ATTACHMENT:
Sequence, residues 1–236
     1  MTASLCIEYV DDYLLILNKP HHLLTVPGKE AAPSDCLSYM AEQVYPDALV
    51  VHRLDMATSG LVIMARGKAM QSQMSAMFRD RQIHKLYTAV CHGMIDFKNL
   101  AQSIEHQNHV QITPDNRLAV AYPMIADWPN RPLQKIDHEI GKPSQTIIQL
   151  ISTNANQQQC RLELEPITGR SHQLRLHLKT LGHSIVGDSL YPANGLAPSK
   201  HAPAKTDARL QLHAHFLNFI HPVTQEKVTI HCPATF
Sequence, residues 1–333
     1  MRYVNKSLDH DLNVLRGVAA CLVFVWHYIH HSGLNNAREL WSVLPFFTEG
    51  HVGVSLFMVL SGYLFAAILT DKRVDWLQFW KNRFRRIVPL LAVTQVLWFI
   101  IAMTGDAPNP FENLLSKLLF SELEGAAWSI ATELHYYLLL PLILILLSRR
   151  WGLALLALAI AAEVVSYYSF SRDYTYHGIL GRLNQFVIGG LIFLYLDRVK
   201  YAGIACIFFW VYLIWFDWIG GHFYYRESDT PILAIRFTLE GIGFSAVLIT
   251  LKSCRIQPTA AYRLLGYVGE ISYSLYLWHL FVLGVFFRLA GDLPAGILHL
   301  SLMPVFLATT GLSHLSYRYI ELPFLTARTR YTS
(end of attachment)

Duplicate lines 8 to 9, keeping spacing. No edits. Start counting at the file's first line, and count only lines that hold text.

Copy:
     1  MRYVNKSLDH DLNVLRGVAA CLVFVWHYIH HSGLNNAREL WSVLPFFTEG
    51  HVGVSLFMVL SGYLFAAILT DKRVDWLQFW KNRFRRIVPL LAVTQVLWFI